A journey through the history of Women's Basketball
Chances are if you’ve driven through Downtown Knoxville, you’ve seen a larger than life spherical object on the horizon. From a distance it looks like it’s sitting on some type of steel structure just ready for Godzilla to grab. I’m not talking about the Sunsphere, the signature structure of the 1982 World’s Fair. No, this giant Baden basketball clings to the side of the Women’s Basketball Hall of Fame, a fixture in the city since 1999. According the the WBHOF website, the basketball is the largest in the world weighing 10 tons and measuring 30 feet in diameter. And the stories inside are even bigger.
The Women’s Basketball Hall of Fame sits on a high bluff near the Tennessee River not far from the campus where Lady Vols Coach Pat Summitt brought home 8 National Championship titles. While the WBHOF is a place dedicated to the history and accomplishments of women’s basketball, you don’t have to love the game to enjoy a visit.
Just inside the entrance, a 17-foot high bronzed sculpture stands at the center of a rotunda named after legendary coach, Pat Summitt. With women basketball players from different eras, the sculpture illustrates the WBHOF’s theme, “honor the past, celebrate the present, promote the future.”
The journey begins with a 17-minute film taking you through the evolution of women’s basketball, a look at the key players, coaches and a bunch of redheads, that you’ll learn more about later. Down the hallway, you can test your knowledge at an interactive timeline, pose for a picture with one of the first women’s basketball stars, and listen in on a locker room talk led by some of the best coaches in the sport.
Just before you head into the Hall of Honor, a stretched out white station wagon is sure to catch your eyes. For many years, it carried some of the most famous women in basketball. The world famous Redheads played from 1936 to 1986, winning 500 out of 642 games against men’s teams. Today, their legacy (as well as some members of the team) are enshrined in the WBHOF.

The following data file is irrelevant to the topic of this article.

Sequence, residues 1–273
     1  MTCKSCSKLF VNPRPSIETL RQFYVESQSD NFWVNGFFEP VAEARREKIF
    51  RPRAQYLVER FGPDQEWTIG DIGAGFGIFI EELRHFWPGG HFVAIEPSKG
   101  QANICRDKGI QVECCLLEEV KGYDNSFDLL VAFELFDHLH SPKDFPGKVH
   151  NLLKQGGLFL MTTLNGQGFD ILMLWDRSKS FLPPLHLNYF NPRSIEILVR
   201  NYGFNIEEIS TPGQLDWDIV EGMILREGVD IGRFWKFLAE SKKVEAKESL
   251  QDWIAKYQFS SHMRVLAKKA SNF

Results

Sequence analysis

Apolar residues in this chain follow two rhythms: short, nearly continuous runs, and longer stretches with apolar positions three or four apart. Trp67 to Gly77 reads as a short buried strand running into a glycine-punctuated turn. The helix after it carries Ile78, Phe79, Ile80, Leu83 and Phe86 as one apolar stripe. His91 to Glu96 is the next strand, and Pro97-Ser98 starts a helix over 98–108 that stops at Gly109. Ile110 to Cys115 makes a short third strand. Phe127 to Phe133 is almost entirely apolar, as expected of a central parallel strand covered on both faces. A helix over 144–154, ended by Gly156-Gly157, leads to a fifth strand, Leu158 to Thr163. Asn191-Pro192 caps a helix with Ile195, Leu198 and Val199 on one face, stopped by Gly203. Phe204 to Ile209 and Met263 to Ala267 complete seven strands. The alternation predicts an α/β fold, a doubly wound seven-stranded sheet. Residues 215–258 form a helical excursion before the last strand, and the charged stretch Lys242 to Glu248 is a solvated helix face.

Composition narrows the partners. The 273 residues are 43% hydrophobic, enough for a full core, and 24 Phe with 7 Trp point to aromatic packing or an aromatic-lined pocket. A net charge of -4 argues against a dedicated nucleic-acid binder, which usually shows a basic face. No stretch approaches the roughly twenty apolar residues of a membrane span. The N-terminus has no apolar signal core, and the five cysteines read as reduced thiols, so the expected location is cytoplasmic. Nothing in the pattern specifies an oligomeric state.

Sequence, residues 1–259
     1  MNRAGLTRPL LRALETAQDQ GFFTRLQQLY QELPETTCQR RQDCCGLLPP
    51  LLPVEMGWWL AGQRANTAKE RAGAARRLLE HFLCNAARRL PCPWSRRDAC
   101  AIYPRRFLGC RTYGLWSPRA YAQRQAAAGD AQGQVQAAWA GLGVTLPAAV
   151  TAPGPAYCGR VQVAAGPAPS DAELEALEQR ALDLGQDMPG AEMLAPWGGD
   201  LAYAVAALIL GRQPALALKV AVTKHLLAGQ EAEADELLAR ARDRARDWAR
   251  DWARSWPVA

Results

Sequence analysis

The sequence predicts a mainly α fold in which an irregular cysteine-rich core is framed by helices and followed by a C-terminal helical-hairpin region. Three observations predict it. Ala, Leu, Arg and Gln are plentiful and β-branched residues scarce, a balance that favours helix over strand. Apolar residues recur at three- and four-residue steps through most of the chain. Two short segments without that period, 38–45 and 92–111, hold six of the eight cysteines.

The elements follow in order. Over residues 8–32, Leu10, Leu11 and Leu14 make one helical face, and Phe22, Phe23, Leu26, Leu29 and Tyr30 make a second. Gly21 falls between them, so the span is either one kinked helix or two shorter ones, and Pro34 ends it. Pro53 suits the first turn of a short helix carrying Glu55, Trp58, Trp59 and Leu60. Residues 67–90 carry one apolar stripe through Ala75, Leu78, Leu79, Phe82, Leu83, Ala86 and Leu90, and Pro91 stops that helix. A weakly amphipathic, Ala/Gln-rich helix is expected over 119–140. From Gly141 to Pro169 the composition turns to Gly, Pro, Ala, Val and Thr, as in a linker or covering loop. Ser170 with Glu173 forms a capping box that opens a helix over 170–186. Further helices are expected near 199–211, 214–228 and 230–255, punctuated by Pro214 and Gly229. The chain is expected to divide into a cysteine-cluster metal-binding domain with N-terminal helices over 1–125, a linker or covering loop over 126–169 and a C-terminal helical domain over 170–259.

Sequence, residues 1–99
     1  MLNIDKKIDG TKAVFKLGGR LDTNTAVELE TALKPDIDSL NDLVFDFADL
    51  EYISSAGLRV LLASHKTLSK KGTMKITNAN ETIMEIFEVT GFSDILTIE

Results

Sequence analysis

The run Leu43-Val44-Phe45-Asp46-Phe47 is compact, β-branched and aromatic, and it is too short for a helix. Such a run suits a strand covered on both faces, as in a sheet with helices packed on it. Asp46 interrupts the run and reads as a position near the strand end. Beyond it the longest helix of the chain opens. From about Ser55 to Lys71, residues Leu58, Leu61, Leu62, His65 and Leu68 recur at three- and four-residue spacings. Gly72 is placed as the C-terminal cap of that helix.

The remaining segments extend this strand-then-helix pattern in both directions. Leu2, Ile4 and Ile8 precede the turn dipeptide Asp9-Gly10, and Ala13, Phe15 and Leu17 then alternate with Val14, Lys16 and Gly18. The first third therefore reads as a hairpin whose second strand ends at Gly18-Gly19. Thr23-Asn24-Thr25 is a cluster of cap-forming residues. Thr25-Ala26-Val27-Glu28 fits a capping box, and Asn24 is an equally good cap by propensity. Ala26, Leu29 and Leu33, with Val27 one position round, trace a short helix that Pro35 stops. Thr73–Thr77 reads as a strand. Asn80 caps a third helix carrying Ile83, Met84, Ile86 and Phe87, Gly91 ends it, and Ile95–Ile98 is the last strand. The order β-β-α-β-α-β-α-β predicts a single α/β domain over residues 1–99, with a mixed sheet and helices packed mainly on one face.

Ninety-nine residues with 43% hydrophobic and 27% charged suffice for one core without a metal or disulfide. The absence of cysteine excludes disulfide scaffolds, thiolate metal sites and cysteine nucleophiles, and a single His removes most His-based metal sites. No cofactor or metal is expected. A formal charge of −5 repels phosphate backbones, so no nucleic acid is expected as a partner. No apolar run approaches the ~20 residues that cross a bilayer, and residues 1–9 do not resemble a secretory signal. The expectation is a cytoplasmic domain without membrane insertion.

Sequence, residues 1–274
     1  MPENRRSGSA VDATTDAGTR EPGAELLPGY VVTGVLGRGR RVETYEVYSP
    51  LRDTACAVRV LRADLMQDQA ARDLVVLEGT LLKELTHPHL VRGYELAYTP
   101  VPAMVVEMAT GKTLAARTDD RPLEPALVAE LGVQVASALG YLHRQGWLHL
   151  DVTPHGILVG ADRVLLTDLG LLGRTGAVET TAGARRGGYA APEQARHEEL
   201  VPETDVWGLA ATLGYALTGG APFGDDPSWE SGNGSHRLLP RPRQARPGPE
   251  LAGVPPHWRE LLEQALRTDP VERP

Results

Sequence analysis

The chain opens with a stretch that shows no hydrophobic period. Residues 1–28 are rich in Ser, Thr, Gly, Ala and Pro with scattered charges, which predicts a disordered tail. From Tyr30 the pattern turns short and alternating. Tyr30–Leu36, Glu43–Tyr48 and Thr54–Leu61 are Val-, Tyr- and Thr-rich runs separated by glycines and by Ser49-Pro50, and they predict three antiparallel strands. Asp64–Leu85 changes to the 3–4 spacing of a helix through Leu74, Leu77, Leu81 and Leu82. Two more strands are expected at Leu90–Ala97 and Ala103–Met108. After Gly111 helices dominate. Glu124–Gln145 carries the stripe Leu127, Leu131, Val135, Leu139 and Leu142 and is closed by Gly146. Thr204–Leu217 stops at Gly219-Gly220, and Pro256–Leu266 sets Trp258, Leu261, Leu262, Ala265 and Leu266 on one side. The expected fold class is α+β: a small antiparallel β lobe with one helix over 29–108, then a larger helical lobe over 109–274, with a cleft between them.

The largest part of the hall is also the most fun. Sitting beneath the big basketball on the outside is an atrium and stairwell connecting an expansive exhibit area up top with basketball courts below. In this section of the museum dozens of jerseys representing championship women’s teams from colleges and high schools across the country hang from the rafters. Together they make up the Ring of Honor. Mixed in with all the displays and jerseys are banners and posters from Women’s Final Four Jerseys representing championship teams from the world of college and high school basketball hang from the rafters. There is also a big collection of Women’s Final 4 banners and posters.
Down the stairs, and past a larger than life guitar from the Final Four in Cleveland, three half courts sprawl out on the floor. Visitors can test their playing skills here as well as learn new ones. This is definitely taking the hands-on museum experience to a new level.
Admission to the WBHOF is about $8 for adults and a few dollars less for children. The gift shop, which is off to the right of the statue at the entrance, is where you pick up your tickets. From now through April 30th, the Hall is open Tuesday through Friday. To learn more about this unique attraction visit www.wbhof.com .